Ep. 26: Changing How We Work with Phyllis Moen, University of Minnesota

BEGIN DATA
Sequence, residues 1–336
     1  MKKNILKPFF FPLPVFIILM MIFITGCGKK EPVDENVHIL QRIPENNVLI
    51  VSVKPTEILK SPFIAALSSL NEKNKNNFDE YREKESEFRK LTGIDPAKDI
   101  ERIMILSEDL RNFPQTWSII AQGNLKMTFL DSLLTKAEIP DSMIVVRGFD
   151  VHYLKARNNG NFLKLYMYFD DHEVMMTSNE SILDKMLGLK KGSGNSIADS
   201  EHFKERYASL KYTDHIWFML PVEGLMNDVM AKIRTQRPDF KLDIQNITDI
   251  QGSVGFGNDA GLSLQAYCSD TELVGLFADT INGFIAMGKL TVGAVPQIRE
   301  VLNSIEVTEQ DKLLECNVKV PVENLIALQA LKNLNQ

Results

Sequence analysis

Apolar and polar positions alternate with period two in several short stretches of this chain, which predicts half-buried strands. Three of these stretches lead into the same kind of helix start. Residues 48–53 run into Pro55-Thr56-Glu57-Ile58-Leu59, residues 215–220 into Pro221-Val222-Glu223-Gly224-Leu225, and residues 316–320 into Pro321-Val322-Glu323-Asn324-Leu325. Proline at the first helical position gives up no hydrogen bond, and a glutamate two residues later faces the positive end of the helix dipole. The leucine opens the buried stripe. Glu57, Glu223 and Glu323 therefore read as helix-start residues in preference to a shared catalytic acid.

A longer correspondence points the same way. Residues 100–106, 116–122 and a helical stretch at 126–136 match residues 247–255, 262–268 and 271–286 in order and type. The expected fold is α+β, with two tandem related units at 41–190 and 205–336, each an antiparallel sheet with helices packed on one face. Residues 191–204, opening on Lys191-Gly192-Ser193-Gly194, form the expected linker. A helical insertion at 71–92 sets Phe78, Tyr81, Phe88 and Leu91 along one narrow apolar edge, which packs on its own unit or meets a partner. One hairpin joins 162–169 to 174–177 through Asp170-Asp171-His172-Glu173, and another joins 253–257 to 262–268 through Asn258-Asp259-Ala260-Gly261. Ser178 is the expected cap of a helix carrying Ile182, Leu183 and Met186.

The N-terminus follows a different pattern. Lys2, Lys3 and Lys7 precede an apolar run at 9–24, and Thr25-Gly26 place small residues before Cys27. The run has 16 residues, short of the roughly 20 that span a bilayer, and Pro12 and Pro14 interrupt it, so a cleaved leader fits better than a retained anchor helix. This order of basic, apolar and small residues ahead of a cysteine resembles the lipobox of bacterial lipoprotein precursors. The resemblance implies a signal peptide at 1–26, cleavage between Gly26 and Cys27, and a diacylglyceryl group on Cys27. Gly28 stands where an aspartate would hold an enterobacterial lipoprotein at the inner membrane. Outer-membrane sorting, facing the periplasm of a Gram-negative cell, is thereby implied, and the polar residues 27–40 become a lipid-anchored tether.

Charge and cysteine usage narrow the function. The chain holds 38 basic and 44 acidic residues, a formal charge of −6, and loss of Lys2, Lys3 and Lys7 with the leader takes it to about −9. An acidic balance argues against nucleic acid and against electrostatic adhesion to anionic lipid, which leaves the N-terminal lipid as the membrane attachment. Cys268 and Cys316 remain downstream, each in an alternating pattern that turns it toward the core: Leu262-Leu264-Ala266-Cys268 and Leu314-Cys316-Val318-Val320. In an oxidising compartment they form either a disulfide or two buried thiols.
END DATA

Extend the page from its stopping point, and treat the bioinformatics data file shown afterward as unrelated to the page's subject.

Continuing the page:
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This month we happily welcome Phyllis Moen, current McKnight Endowed Presidential Chair in Sociology at the University of Minnesota, and former Cornell faculty and founding director of the Bronfenbrenner Life Course Center at Cornell. Chris and Phyllis discuss her research on the mismatch between outdated work-time and career/retirement scripts and 21st century workforce and economic realities. She also studies gender differences and disparities at all stages of the changing life course. The old templates of work life no longer fit changing demographics and culture. Trying to apply these old work formats today leads to issues in the health, mental health, and family life of workers. Moen specifically discusses the problem areas and how to update our ideas of how work should work. Phyllis Moen is a life course scholar interested in the mismatch between 20th century clocks and calendars shaping work, careers and the gendered life course and 21st century demographies, technologies, risks and realities. She directs the Life Course Center, holds a McKnight Presidential Endowed Chair, and is a professor of Sociology at the University of Minnesota, following 25 years at Cornell University. While at Cornell, Dr. Moen founded the Bronfenbrenner Life Course Center as well as the first Alfred P. Sloan Center on Work and Families, the Cornell Careers Institute. Dr. Moen’s latest book is the award-winning "Encore Adulthood: Boomers on the Edge of Risk, Renewal, and Purpose" (2016). Her newest project, the University of Minnesota Advanced Careers Initiative (UMAC), aims to reimagine higher education to include intergenerational relationships and to serve as an innovative catalyst promoting meaningful encores for Boomers.

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